Caitlin Horrocks' novel "The Vexations" immerses readers in the life of composer Erik Satie
Through chapters alternating between characters’ perspectives, Michigan writer Caitlin Horrocks’ new novel, The Vexations, narrates the life of not just composer and pianist Erik Satie but also the lives of his sister and brother, Louise and Conrad, and the people in their lives. The siblings’ experiences diverge as they are raised with different family members and pursue their unique interests and desires. Hardship, pain, and loss mark their pursuits, yet, true to history and especially for Erik, they find success, too.
Originally from Ann Arbor, Horrocks lives in Grand Rapids, Michigan, and teaches at Grand Valley State University. She will read at Literati Bookstore on Monday, August 19, at 7 pm. She answered some questions for Pulp here.
Q: What drew you to write a novel around Erik Satie’s life? How did you balance history and fiction as you researched and wrote?
A: Years ago, as a piano student in Ann Arbor, my teacher Margaret Faulkner assigned me one of Erik Satie’s most famous compositions, “Gymnopédie no. 3.” I found it incredibly beautiful and immediately went looking for more of Satie’s music. At the time, I was dismayed, even annoyed, to find a handful of what I thought of as equally beautiful pieces and then a huge range of playful, often experimental, music. But I ended up with a curiosity about who the person had been who created this disparate body of work.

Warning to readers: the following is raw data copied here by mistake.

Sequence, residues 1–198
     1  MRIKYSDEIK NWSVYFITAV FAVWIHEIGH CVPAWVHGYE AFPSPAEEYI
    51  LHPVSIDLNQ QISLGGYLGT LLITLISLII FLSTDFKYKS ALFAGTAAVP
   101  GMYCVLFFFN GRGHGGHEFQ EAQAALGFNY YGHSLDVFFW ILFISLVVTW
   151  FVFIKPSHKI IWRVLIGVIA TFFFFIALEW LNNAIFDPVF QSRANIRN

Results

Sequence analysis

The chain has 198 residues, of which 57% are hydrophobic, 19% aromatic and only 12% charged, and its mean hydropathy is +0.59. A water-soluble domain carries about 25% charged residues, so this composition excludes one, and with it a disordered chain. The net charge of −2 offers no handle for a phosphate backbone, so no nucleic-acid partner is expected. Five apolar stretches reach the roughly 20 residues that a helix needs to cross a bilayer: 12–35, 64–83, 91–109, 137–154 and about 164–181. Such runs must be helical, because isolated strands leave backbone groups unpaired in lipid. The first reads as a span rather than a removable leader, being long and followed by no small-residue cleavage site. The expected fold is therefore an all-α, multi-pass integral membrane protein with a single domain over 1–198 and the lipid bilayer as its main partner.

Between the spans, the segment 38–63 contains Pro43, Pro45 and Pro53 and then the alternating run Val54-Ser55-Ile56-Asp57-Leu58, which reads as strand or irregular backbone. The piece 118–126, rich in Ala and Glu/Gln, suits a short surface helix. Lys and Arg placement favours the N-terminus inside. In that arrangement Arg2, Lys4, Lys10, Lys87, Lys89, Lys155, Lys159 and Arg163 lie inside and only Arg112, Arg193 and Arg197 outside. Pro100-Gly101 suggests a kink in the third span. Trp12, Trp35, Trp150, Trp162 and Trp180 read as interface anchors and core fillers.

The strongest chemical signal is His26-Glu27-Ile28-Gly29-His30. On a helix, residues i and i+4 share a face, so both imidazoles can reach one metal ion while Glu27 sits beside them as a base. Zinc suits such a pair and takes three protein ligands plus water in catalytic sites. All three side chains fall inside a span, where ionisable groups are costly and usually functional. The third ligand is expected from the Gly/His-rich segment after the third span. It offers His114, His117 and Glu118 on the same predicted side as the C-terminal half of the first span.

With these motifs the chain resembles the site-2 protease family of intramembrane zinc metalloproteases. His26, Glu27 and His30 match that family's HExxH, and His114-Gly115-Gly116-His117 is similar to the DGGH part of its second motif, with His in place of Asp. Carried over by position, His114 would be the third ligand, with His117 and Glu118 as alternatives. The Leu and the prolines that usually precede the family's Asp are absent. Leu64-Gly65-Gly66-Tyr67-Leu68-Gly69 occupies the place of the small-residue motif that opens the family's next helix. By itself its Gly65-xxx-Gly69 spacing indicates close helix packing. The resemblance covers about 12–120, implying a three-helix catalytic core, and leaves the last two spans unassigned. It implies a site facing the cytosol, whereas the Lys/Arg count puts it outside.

Once I started researching and writing to answer that question, I struggled to find the “correct” balance between history and fiction. As a reader, I’ve read and loved historical fiction that ranged from very faithful to very loosely inspired, so I don’t actually think there’s one correct way to do it. But in writing The Vexations, where essentially every character is based on someone who really existed, I struggled constantly with feeling like a literary grave robber, unsure what liberties I could or should take. I ended up following the historical record relatively closely, and while the book inevitably contains invented scenes and moments, I eschewed including things that I knew couldn’t have happened. I took heart from an E.L. Doctorow quote: “The historian will tell you what happened. The novelist will tell you what it felt like.”
Q: You’ve played Satie’s music. What do you like about it? How did you start playing the piano?
A: My grandmother and mother both played piano, and I don’t remember starting, or making a decision to start: it was just part of my life from a very young age. I started playing Satie as most people do, with the Gymnopédies, which are short, relatively easy to play, and unambiguously beautiful. When I returned to Satie as a novel topic, I also returned to his music and at least attempted to play a lot of different pieces. As a (deeply amateur) pianist, I’m still a sucker for the lovely stuff: the Gymnopédies, Gnossiennes, Pieces Froides, Trois morceaux en forme de poire, and others. As a listener, I also really enjoy some of the later orchestral pieces, like Parade. The pieces I least enjoy playing are many of the Rose + Croix era works, which often feature slow, stately series of chords my fingers are too short to reach.
Q: From your acknowledgments in The Vexations, it sounds like you researched this book extensively. What was the most interesting thing you found? How did you go about researching this book? What was your time in libraries and archives like?